Updated: 04/22/2014 7:18 PM
Created: 04/22/2014 7:00 PM KAALtv.com
(ABC 6 News) -- Dozens of anti-silica sand activists chose Earth Day to make a statement at the capitol. Their message was clear, stop silica mining now. The group gathered thousands of signatures to back up their effort bringing it directly to Governor Dayton.
"I was concerned because there were proposals for a number of mines in Houston County. A number of them in the valley next to our valley," said Houston County activist Marilyn Frauenkron-Bayer.
"If you have a hauling facility that’s over 10 to 15 years old in a neighborhood where literally those houses are just hundreds of feet away, those residents are going to be inhaling silica sand," said Wabasha activist Lynn Schoen. To these people, it's personal. They traveled to the capitol to share why they think the state should put a hold on silica sand mining.
"Silica is a known carcinogen. There's no cure for silicosis, the only thing you can do is have lung replacements," said Frauenkron-Bayer. They're concerned for their health, but also the impact silica sand facilities would have on their small communities. "Our little town of Houston would drastically change into an industrialized zone as opposed to the nice peaceful rural community we so enjoy," she said.
Tuesday showed they're not alone in that thought. They brought with them more than 6,000 petitions asking for a two-year moratorium. "The moratorium is part of the Critical Areas Act. It's a two-year moratorium. That's what the petition is asking for as well," said Frauenkron-Bayer.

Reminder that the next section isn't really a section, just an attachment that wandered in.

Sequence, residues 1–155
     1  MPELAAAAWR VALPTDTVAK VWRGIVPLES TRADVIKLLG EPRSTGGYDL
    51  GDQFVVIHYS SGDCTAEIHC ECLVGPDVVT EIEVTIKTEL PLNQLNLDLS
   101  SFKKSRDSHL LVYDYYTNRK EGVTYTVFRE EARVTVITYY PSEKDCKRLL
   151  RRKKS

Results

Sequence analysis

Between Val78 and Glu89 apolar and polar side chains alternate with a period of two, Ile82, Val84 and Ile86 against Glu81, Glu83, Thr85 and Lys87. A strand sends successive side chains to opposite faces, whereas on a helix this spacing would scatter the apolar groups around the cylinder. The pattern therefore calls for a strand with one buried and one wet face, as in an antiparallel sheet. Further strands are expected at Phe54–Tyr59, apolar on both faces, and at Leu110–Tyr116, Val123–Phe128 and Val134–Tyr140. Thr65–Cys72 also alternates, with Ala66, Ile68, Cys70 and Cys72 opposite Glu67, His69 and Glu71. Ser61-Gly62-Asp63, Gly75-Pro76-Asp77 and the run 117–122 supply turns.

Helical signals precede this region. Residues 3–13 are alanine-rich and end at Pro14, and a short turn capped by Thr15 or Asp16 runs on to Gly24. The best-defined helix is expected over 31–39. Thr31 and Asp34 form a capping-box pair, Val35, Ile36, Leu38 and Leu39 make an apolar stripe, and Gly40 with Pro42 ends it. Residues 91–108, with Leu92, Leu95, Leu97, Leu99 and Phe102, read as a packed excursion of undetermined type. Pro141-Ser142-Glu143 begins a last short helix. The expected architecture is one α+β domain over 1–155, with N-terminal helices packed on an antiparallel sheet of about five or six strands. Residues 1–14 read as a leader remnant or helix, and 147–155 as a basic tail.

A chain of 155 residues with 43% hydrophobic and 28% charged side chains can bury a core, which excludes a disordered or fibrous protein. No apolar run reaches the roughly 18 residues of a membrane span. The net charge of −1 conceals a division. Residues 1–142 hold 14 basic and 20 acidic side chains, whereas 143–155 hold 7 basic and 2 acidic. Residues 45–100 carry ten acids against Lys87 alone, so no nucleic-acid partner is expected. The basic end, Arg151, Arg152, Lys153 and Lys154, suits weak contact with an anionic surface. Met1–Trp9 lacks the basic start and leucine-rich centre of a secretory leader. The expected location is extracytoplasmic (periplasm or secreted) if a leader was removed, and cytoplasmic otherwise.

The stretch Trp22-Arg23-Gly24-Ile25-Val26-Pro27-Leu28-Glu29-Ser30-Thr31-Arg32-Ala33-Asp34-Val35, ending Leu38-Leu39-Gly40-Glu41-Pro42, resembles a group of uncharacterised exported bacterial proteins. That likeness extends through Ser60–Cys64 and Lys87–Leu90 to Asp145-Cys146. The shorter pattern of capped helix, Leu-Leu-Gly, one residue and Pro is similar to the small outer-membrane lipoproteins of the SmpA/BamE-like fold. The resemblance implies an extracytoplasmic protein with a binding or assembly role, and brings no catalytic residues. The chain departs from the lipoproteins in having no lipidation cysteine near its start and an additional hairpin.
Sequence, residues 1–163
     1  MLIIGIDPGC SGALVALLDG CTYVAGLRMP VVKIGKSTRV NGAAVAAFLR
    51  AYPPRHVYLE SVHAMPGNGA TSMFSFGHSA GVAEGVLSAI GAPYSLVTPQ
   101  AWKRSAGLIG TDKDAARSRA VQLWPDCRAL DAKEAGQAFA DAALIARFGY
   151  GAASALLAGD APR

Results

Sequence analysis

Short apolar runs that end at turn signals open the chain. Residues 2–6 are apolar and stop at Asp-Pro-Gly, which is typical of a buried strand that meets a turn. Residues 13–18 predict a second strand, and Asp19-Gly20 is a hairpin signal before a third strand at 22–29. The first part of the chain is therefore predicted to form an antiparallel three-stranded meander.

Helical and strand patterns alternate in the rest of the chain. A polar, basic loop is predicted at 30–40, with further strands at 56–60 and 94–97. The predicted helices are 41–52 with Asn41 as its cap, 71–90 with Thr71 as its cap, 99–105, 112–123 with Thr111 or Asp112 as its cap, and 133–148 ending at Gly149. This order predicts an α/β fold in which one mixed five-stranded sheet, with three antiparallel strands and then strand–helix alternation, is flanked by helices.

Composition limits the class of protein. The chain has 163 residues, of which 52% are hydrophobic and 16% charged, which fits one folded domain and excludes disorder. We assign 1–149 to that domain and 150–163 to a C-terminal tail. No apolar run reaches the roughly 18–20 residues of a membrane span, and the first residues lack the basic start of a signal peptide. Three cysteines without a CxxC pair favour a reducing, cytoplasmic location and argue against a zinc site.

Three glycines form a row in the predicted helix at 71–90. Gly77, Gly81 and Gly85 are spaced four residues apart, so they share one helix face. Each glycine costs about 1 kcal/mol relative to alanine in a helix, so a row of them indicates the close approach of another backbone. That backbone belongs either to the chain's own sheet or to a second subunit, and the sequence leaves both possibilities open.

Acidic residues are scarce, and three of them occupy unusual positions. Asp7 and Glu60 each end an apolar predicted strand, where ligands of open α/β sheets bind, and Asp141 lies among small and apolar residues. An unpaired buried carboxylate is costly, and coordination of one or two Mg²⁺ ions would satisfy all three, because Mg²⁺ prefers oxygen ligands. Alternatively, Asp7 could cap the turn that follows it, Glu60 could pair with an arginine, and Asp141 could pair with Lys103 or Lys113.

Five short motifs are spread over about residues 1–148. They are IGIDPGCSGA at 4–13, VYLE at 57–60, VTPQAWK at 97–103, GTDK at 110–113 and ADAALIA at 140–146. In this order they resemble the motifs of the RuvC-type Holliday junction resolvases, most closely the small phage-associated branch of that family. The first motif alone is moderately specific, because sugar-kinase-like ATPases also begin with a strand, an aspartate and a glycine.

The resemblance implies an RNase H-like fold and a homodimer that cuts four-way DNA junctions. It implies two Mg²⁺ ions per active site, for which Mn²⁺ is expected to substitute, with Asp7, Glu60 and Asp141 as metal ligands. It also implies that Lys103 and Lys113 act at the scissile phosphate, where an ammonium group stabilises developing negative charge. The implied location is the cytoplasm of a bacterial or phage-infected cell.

However, after the press conference, those activists received some unwelcome news from the governor's office. "I just got a statement from the governor's office saying they don't have the authority to do this, and we don't think that's accurate," said one of the activists to the crowd after the press conference.
Governor Dayton told us personally he's against silica sand mining, but says he doesn’t have much of a say on the matter this legislative session. "The fact that it didn't pass and they didn't get behind it, according to my general council, is strong evidence that any court would look at it and say I'd be exceeding my authority if I turned around a did something a year later that I tried to get through the legislature and it was rejected," said Governor Dayton.
"There are so many more things than the state measures. We want them to take their time and do it right," said Schoen.
The petitions also called for tougher state regulations to protect air and water quality from silica sand mining. Though Governor Dayton seemed to think this isn’t "do-able" this session, the activists there say they're not giving up and have sent the governor a letter requesting to meet with him privately at a later date.